general rules of contract construction be employed to resolve that ambiguity:
Ledcor, at para. 50. Finally, if these general rules of construction fail to resolve the
ambiguity, courts will construe the contract contra proferentem, and interpret
coverage provisions broadly and exclusion clauses narrowly: Ledcor, at para. 51.
At the first step of the analysis for standard form contracts of insurance,
the words used must be given their ordinary meaning, “as they would be
understood by the average person applying for insurance, and not as they
might be perceived by persons versed in the niceties of insurance law”:
Co-operators Life Insurance Co. v. Gibbens, 2009 SCC 59,  3 S.C.R. 605, at
para. 21; see also Ledcor, at para. 27.
 Clause 8(a) of the applicable insurance policy, under the
heading “Forgery or Alteration”, provides:
We will pay for loss resulting directly from forgery or alteration of any
cheque, draft, promissory note, bill of exchange or similar promises payment
in “money” that you or your agent has issued, or that was issued by someone
who impersonates you or your agent.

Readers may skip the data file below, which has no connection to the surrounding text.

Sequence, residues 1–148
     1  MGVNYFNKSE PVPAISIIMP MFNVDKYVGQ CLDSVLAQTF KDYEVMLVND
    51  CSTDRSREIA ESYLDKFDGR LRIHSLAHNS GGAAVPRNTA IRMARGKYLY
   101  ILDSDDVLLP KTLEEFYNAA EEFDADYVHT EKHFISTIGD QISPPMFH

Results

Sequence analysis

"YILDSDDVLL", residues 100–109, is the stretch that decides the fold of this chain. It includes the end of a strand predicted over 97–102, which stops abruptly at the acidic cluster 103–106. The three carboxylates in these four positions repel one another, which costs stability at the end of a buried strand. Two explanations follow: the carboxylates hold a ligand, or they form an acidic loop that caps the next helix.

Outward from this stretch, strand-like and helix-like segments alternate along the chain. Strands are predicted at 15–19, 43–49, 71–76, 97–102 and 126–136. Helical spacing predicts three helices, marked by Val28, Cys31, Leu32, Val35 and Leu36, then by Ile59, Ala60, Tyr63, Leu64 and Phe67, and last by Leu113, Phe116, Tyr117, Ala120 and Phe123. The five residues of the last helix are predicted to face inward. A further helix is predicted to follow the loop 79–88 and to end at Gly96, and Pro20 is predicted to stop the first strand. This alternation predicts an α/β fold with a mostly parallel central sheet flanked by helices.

The term “money” is further defined in the policy as
“currency, coins, and bank notes in current use and having a face
value, travelers’ cheques, registered cheques and money orders
held for sale to the public”.
 Online banking is not mentioned as one of the instruments to
which forgery or alternation applies. Therefore, if online banking is
analogous to these instruments in that it “similarly promises
payment in ‘money’”, within the meaning of this clause, then the
losses relating to these credit card payments falls within the
“Forgery or Alteration” coverage, and Martinez’s unauthorized
use of online banking to make these credit card payments may be
covered by the policy in the same way the cheques forged by
Martinez were covered.
 It is somewhat surprising that there is not yet significant
case law on the question of whether online banking is analogous to
a promise to pay “money” or more analogous to a transfer of
money itself ( i.e., analogous to currency, coins and bank notes).
I was referred to no case by either party which squarely addresses
 Where the question of how to characterize online banking
has arisen, it has been raised in passing. For example, in Walker
v. Aviva Canada Inc., 2011 CarswellOnt 1944 (F.S.C.O. Arb.), the
arbitrator dealt with the following issue regarding the compliance
with proper notice, at para. 14:
Section 11(1.3) of Ontario Regulation 777/93 requires that the notice must
advise an insured person that the insurance contract will terminate on
a specified day, unless the insured person pays an administration fee and the
full premium instalments owing to the insurer by cash, money order or certi-
fied cheque. The notice Scottish and York alleges it sent to Ms. Walker lists
certified cheque, online or telephone banking and credit card as the 3 methods